On Friday (May 13), Environmental Working Group President Ken Cook blew the whistle on the agri-chemical lobby's months-long effort to get the government to put the industry's spin on the upcoming annual report on pesticide residues on fresh produce.

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AgMag
Blog Post
Wednesday, May 4, 2011

Food prices and food scarcity are quickly becoming the hidden driver in world politics, says pioneering environmental analyst Lester Brown, sparking political upheaval in the Middle East and threatening the stability of other developing countries.

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AgMag
Blog Post
Wednesday, April 27, 2011

Every year, taxpayers send billions to farm businesses to cover the cost of implementing conservation practices that help keep the soil on the land and limit the runoff of dirt and agricultural chemicals from their fields into rivers and streams.

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AgMag
Blog Post
Monday, April 18, 2011

Leading lawn care products maker Scotts Miracle-Gro brought smiles to the faces of many Chesapeake Bay advocates last month with its announcement that it will eliminate phosphorus from its fertilizers. By 2012, all Scotts lawn maintenance fertilizers sold in the United States will be free of phosphorus, a nutrient turned persistent pollutant that is crippling the bay’s ecosystem. Scott said its phosphorus-free lawn food will yield the same green lawns at the same cost as current products.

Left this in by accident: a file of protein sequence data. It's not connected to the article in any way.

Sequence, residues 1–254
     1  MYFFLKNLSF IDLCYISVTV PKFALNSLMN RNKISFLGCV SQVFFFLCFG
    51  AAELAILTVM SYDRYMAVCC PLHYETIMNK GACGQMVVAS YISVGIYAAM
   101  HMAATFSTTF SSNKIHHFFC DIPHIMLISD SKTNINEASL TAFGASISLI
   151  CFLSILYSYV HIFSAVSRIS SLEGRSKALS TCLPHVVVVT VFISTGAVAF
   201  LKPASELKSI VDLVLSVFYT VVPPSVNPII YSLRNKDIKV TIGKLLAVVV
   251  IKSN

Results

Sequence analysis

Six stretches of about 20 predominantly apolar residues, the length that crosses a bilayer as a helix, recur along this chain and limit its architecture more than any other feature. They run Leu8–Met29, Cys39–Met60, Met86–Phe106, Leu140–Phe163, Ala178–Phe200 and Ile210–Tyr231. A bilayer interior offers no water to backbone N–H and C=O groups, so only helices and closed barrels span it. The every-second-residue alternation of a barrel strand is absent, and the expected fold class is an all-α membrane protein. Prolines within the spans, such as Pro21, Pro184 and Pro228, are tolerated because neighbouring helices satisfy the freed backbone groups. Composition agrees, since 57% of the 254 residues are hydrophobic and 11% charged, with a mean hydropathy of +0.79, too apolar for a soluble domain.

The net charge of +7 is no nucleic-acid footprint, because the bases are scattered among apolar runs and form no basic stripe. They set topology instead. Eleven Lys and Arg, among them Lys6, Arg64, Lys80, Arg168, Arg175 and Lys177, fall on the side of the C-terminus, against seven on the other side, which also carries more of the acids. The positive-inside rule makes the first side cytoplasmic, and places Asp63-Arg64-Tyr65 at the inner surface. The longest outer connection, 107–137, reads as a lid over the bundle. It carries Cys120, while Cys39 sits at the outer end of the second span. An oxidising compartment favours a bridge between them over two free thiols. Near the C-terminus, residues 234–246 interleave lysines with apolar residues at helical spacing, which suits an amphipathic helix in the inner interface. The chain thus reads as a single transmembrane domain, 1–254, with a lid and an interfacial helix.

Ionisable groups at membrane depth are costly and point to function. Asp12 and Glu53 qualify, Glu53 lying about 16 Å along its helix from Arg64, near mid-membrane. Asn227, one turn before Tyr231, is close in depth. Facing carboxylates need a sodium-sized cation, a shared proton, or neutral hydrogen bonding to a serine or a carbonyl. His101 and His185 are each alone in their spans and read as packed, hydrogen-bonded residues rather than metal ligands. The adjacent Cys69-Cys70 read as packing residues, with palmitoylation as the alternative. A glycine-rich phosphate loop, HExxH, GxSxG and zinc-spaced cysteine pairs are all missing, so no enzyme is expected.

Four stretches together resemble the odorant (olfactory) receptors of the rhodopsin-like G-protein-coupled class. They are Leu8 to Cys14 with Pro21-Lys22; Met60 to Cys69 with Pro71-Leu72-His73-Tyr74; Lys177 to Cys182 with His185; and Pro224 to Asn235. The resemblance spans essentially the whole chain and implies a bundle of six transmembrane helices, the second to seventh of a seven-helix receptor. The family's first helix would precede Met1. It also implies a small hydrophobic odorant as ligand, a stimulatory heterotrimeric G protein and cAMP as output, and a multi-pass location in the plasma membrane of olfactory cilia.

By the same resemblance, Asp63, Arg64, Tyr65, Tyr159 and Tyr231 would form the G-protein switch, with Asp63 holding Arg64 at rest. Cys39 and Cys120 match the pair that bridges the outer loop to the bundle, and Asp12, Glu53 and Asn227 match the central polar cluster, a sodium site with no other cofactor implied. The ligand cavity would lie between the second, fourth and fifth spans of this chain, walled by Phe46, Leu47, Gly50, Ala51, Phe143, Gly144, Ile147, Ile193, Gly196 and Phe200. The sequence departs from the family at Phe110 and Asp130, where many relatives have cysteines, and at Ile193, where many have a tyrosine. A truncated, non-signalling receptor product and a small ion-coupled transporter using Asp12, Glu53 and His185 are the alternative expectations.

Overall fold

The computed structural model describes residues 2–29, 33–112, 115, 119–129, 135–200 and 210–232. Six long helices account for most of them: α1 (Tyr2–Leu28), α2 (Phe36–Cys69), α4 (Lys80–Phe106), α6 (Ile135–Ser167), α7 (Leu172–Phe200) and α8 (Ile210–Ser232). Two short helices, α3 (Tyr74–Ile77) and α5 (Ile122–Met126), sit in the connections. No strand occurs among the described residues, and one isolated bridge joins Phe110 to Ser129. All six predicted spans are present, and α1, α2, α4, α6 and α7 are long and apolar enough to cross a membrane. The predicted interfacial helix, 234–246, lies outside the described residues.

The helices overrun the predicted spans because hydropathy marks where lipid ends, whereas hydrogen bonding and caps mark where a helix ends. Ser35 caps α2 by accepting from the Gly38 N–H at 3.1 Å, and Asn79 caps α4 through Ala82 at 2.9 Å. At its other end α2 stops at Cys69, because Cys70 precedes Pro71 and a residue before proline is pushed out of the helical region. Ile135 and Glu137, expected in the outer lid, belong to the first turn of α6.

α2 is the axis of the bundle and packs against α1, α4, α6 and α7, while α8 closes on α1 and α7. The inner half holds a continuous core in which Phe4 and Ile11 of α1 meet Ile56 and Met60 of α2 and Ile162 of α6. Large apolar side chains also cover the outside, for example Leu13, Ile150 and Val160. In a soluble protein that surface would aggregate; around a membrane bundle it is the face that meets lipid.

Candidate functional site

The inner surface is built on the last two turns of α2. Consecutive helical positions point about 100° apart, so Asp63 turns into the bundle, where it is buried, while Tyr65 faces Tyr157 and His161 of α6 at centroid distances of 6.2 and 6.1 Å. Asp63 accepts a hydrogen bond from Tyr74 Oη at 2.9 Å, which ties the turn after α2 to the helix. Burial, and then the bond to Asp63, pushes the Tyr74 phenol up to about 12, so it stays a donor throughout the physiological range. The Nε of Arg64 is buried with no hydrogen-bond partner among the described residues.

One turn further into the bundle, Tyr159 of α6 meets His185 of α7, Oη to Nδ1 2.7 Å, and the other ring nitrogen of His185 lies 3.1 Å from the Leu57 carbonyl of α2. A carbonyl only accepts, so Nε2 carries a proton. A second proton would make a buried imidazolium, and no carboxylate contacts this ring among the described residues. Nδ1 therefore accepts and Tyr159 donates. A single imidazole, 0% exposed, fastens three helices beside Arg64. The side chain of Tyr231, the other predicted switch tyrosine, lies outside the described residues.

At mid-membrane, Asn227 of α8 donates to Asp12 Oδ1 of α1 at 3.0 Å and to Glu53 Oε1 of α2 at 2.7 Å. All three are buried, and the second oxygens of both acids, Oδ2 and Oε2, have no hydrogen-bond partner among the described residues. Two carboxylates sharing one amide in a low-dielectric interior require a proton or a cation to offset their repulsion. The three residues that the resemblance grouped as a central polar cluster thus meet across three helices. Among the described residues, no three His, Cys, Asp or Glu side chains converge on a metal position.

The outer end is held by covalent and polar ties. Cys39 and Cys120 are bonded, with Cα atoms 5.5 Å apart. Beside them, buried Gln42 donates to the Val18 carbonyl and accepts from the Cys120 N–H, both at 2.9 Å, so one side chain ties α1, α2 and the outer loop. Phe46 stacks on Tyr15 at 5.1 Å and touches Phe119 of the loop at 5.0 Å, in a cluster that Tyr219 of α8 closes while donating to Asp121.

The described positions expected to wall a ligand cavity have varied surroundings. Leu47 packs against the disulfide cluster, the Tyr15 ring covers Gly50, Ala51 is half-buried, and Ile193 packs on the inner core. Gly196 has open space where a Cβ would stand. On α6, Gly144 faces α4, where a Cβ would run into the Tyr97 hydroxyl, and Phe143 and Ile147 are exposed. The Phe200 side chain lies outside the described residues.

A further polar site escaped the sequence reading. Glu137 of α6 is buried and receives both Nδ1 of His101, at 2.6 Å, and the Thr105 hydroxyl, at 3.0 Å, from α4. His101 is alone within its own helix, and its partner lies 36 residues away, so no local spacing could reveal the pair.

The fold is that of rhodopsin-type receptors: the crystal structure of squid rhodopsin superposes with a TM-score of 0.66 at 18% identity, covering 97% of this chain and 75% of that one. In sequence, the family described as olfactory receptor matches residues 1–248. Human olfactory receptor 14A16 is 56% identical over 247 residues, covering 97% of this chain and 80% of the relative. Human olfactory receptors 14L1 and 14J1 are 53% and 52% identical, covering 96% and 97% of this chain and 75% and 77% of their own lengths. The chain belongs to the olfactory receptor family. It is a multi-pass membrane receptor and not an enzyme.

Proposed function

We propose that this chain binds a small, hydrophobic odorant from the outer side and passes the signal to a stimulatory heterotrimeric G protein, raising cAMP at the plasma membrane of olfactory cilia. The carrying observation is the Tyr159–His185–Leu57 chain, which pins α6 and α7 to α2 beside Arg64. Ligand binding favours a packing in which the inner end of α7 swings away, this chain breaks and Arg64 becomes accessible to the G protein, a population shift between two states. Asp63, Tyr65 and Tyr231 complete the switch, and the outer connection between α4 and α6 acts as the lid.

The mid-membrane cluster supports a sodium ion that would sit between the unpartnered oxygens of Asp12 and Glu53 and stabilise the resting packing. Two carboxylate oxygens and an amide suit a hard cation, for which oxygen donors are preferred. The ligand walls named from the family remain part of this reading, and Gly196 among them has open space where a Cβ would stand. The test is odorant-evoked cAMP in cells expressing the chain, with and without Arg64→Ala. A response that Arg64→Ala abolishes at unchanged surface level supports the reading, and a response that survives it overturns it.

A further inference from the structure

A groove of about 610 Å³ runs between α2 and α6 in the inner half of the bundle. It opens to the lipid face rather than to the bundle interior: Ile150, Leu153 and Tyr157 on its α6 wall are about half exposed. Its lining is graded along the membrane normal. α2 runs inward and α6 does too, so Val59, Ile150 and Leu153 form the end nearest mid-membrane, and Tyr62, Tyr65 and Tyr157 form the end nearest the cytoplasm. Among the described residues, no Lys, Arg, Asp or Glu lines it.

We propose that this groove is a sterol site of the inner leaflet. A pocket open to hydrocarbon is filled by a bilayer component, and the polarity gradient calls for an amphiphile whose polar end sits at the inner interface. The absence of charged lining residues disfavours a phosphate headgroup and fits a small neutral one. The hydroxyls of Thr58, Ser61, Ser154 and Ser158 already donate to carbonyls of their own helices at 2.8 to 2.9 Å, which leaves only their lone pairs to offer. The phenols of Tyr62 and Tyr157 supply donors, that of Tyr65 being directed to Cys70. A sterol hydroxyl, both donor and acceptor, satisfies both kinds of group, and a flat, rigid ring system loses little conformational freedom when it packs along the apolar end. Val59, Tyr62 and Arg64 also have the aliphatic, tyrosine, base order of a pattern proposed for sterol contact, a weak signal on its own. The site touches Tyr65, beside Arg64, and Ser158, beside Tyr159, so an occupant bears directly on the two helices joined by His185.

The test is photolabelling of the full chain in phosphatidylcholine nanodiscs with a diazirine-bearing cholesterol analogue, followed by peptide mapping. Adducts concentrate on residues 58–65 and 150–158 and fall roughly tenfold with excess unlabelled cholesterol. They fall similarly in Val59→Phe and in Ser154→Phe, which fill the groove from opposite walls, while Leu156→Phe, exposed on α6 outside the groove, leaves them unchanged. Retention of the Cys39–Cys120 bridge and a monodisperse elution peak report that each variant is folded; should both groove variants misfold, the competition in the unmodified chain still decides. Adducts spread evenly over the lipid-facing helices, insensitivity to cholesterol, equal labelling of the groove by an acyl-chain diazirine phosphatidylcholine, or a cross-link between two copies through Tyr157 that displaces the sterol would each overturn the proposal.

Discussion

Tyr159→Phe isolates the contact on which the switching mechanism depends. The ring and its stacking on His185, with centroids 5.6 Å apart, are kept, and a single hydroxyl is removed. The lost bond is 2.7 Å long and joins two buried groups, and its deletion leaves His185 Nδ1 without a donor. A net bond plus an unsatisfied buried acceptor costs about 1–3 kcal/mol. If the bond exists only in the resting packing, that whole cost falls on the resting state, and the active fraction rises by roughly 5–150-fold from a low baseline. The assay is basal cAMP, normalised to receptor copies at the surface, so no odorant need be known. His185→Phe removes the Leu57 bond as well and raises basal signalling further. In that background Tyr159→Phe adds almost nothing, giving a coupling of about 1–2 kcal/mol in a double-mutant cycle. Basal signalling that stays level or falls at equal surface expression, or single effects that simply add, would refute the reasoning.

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AgMag
Blog Post
Wednesday, April 13, 2011

Data based on tracking erosion after every storm over a period of years shows that Iowa farms are losing precious topsoil up to 12 times faster than government estimates, a disturbing discovery detailed in a new report by the Environmental Working Group. The report, titled Losing Ground, is based on research by scientists at Iowa State University whose methods provide an unprecedented degree of precision in monitoring soil erosion.

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News Release
Wednesday, April 13, 2011

Bad federal policy and intensifying storms are washing away the rich dark soils in the Midwest that made this country an agricultural powerhouse and that remain the essential foundation of a healthy and sustainable food system in the future.

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AgMag
Blog Post
Friday, April 8, 2011

When Rep. Jean Schmidt (R-Ohio) spoke to the Organic Trade Association's Washington Policy Conference the other day, her talk had two parts: the part where she left the distinct impression that she had no idea whom she was talking to, and the part where it seemed she didn't care.

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AgMag
Blog Post
Wednesday, April 6, 2011

Coalitions often help bring about real change for the public good.  Not this one though.

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AgMag
Blog Post
Wednesday, April 6, 2011

Bad federal policy and intensifying storms are washing away the rich dark soils in the Midwest that made this country an agricultural powerhouse and that remain the essential foundation of a healthy and sustainable food system in the future.

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Video
Tuesday, March 29, 2011

That some members of Congress are farmers is hardly new. Many of the Founding Fathers worked the land. But as the industrial age transformed America’s agrarian society and technology made it possible for fewer farmers to grow more crops on more land, the number of lawmakers actively engaged in agriculture dropped sharply.

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AgMag
Blog Post